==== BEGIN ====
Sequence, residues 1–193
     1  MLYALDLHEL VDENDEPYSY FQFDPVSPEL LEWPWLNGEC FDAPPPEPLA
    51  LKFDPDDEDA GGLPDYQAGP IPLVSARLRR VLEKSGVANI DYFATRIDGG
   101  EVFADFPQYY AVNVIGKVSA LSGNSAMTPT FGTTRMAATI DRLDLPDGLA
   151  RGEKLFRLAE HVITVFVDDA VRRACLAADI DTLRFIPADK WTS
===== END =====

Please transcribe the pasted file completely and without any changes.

Sequence, residues 1–193
     1  MLYALDLHEL VDENDEPYSY FQFDPVSPEL LEWPWLNGEC FDAPPPEPLA
    51  LKFDPDDEDA GGLPDYQAGP IPLVSARLRR VLEKSGVANI DYFATRIDGG
   101  EVFADFPQYY AVNVIGKVSA LSGNSAMTPT FGTTRMAATI DRLDLPDGLA
   151  RGEKLFRLAE HVITVFVDDA VRRACLAADI DTLRFIPADK WTS